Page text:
“PACCE’s goal is to have students develop their learning more deeply by engaging in an activity rather than just learning about theory in the classroom,” said Spelic’. PACCE encourages this type of hands-on learning by providing funding for the cost of transportation, equipment and other supplies for projects like eMbrace.
Participants in this year’s service learning project consisted of more than 180 students enrolled in UW-Platteville Studies and BioQuest courses. These programs function as introductions to life at UW-Platteville as well as the academic programs and majors available to students.
The classes, each led by a faculty member, spent the day serving throughout the community. PACCE funded transportation and other supplies for each worksite.
"Projects like eMbrace help to build students as citizens for the future, so no matter where they live after they graduate from Platteville, they’ll want to be a part of their community there as well."
Classes led by Jason Artz and Teresa Miller, who work for University Counseling Services, and Summer Camps Services Coordinator Don Francis worked on the Platteville Community Arboretum trail and dog park, creating and placing artwork on the trail. This artwork included sculptures, a painting on the ceiling of the gazebo at the trail head behind the Menard’s store, safety signs on the trail, and decorations on the recycling bins within the dog park. General maintenance work was also completed on the trail.
Another class traveled to Wyalusing State Park under the leadership of Nancy Hammermeister, an instructor of political science classes. They worked on general maintenance projects on the trail, including removing invasive species growing along the trails.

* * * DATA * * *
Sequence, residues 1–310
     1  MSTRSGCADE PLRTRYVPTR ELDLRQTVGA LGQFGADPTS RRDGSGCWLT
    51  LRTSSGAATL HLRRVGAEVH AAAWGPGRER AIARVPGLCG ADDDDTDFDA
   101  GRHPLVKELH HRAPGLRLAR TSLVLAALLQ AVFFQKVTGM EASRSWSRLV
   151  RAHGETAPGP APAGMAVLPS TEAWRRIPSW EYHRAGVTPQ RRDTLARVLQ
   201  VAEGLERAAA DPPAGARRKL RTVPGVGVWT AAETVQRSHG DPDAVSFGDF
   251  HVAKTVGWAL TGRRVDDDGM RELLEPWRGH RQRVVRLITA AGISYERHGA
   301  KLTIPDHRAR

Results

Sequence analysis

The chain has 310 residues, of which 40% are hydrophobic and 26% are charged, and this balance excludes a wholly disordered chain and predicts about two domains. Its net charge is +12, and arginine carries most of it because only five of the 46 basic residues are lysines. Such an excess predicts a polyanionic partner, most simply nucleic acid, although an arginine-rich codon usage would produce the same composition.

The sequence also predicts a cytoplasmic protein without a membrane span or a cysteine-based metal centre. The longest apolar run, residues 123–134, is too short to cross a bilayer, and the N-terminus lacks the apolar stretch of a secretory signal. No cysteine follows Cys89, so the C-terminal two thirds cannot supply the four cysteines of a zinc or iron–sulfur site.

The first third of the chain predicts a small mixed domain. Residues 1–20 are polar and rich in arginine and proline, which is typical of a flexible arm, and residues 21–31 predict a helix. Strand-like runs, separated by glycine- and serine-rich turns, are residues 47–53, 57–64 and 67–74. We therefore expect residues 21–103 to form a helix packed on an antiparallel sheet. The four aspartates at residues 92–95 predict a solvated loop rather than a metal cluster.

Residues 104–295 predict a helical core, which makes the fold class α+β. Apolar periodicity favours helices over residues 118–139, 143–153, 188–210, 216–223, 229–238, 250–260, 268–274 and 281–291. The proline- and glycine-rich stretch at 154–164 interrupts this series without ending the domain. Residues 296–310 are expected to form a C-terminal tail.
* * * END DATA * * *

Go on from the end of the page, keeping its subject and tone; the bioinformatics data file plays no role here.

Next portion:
Dr. Rich Dhyanchand, an associate professor of biology and instructor of BioQuest courses, led a group to the Grant County Women’s Wellness Conference. Students assisted vendors with setting up and taking down their booths, introduced speakers, assisted with refreshments, gave directions and helped provide childcare for people in attendance.
Two classes led by Wetzel and Dr. Jennifer Collins, assistant professor of education, went to Wisconsin Badger Camp, working on maintenance, cleanup and other work such as splitting wood.
The BioQuest class led by Nadia Sifri, an academic advisor and lecturer in the Department of Biology, worked with the Three Eagles Foundation. The group went to Frank’s Hill Effigy Mounds along the Wisconsin River to carry out a controlled burn on the mounds and removed dead trees.
Students led by Hendrickson worked with the nonprofit organization Resources Unite in Dubuque passing out bracelets and information on violence and sexual abuse.
“Projects like eMbrace help to build students as citizens for the future, so no matter where they live after they graduate from Platteville, they’ll want to be a part of their community there as well,” said Wetzel.
Written by: Emily Drews, Student Writer, Communications, 608-342-1194, email@example.com